Rivers are a vital component of ecosystems. They are the dominant water resource, the location of the biogeochemical cycle of PFASs [21], and the main carrier of DOM. The Wanggang River is a key seagoing river flowing through Yancheng City, China. It has various tributaries, forming a large and dense river network. The land bordering the river is used for various purposes and represents a significant and complex pollutant source. Previous studies on the Wanggang River Basin found that the efficiency of domestic sewage collection and treatment in townships along the river was low. Industrial pollution sources in industrial parks, farmland runoff, and aquaculture drainage are the leading factors influencing water quality [22] and may affect the DOM and PFOA concentrations. Therefore, monitoring PFOA pollution and DOM components in different periods in the Wanggang River Basin provides information on the influence of DOM on the PFOA concentration. The objectives of this study are (1) to investigate the PFOA concentration and distribution before and after the flood season (May and September) in the Wanggang River Basin, (2) to analyze the DOM composition and distribution in the Wanggang River Basin, and (3) to explore the effect of DOM on the PFOA concentration and distribution.

2. Materials and Methods

2.1. Study Area and Sample Collection

The Wanggang River (120°17′~120°49′ E, 32°57′~33°12′ N) is located in the south-central part of the Dafeng region, Yancheng. It is the main trunk river that drains into the sea from the coastal reclamation area. It is 44 km long with a basin area of 787 km2 and an average annual runoff of 346 million m3 per year. According to the topographic and hydrological characteristics, the location of tributaries, and typical pollution types (key agricultural non-point sources, industrial sewage outlets, and urban centers), 30 sampling sites were selected in the Wanggang River from upstream to downstream (Figure 1). Surface water collections were carried out in May 2021 (before the flood season) and September 2021 (after the flood season). We collected 1 L of river water samples at each sampling site at a depth of 0.5 to 1.0 m, using three replicates. The water samples were cryopreserved and transferred to the laboratory as soon as possible and prepared for PFOA content and DOM analysis.

2.2. Measurement of PFOA Content in the Water

The OASIS WAX solid phase extraction (SPE) column was activated sequentially with 4 mL of 0.1% ammonia/methanol solution, 4 mL of methanol, and 4 mL of ultrapure water. The water sample containing the internal standard was then passed through the column. The column was rinsed with 4 mL of ammonium acetate buffer (pH 4.0, 25 mM). Subsequently, the SPE column was naturally dried, and the PFOA in the SPE column was eluted with 4 mL of methanol and 4 mL of a 0.1% ammonia/methanol solution. The eluent was collected into a 15 mL polypropylene centrifuge tube. The collected 8 mL eluate was concentrated to 1 mL under high-purity nitrogen and filtered through a 0.2 μm nylon membrane. The filtrate was placed in a 1.5 mL brown glass vial and stored in a refrigerator at −20 °C for subsequent detection. Finally, the concentration of PFOA in the water samples was quantitatively determined using a high-performance liquid chromatograph with a mass spectrometer (1260HPLC-6400C MS/MS, Agilent Technologies, Santa Clara, CA, USA) and an electrospray ion source in negative ionization mode [23].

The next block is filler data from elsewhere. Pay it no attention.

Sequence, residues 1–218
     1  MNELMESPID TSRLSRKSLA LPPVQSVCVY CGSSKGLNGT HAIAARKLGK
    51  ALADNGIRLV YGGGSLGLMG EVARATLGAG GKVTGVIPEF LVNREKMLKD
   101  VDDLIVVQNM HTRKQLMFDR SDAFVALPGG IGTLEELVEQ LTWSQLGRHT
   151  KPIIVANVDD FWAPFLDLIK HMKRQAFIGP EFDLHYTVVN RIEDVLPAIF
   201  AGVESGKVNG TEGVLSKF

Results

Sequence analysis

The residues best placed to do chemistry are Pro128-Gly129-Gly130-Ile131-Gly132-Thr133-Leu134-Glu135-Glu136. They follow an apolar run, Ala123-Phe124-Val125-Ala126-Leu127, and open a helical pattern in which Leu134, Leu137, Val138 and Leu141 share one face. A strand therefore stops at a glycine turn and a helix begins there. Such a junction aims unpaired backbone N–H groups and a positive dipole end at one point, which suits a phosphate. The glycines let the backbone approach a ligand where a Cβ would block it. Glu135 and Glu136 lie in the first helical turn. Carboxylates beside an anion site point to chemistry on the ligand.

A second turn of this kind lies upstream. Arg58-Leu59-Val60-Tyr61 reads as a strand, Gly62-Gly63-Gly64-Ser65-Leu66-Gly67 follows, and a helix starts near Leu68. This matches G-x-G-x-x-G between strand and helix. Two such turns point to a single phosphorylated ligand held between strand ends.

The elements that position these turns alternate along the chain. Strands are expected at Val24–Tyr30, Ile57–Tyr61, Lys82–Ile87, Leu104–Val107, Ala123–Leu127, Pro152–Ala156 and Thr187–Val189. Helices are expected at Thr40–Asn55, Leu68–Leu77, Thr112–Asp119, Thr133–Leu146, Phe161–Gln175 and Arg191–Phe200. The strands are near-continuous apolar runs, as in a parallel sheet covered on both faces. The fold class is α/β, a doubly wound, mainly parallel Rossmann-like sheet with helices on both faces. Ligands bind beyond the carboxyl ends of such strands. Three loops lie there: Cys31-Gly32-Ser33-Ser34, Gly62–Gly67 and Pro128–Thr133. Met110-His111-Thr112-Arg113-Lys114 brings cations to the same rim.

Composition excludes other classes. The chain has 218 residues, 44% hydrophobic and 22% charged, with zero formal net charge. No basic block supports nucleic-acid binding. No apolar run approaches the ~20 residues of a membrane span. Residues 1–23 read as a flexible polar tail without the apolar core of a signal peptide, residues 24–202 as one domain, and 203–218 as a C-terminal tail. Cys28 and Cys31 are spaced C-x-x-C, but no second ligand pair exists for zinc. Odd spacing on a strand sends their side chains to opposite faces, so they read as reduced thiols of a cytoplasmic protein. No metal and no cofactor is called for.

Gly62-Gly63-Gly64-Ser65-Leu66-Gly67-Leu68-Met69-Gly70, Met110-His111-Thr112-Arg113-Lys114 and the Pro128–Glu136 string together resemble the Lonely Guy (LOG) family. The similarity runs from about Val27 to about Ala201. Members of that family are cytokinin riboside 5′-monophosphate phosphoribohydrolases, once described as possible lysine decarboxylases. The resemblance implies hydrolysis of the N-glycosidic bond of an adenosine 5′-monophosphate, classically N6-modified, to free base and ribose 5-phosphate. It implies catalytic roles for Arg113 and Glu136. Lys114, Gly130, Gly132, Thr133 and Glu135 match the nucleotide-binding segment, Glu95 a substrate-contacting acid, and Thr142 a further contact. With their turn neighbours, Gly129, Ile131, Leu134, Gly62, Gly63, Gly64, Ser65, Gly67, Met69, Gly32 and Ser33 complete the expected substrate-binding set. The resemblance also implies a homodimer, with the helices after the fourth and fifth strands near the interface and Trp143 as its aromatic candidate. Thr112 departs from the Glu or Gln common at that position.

Settings of the liquid phase were as follows: a Poroshell 120 EC-C18 (4.6 × 100 mm, 2.7 μm, Agilent, CA, USA) was used; the column temperature was constant at 40 °C, and the sample injection volume was 5 μL. We used a binary mixture solution as a mobile phase, where mobile phase A consisted of 10 mM of ammonium acetate solution, and mobile phase B was 100% chromatographic grade methanol (A: B 5: 95, the flow rate 0.4 mL·min−1). The proportions of A and B and the flow rate over time in the mobile phases are shown in Table 1.
The mass spectrometry conditions were as follows. Multi-reaction monitoring (MRM) was used to scan fragment ions. The temperature of the carrier gas (helium) was 350 °C, and the capillary voltage was 4000 V. The auxiliary gas (nitrogen) temperature was 350 °C, the pressure was 345 kPa, and the flow rate was 100 L·min−1. The atomization temperature was 380 °C, the ion source voltage was 180 V, the cycle was 10 min, and the ionic mass–mass ratio (m:z) was 413:169.

2.3. Quality Assurance and Quality Control (QA/QC)

Quality assurance and quality control were performed throughout the entire process of sample collection and transportation, PFOA extraction, and on-machine testing. In the sample collection, we avoided using PTFE or other fluoropolymer materials during sampling to prevent background contamination. The sampling bottles were rinsed three times with ultrapure water before collecting water samples. During the transportation of samples, container blanks and transportation blanks were set and ultrapure water was used as the monitoring medium.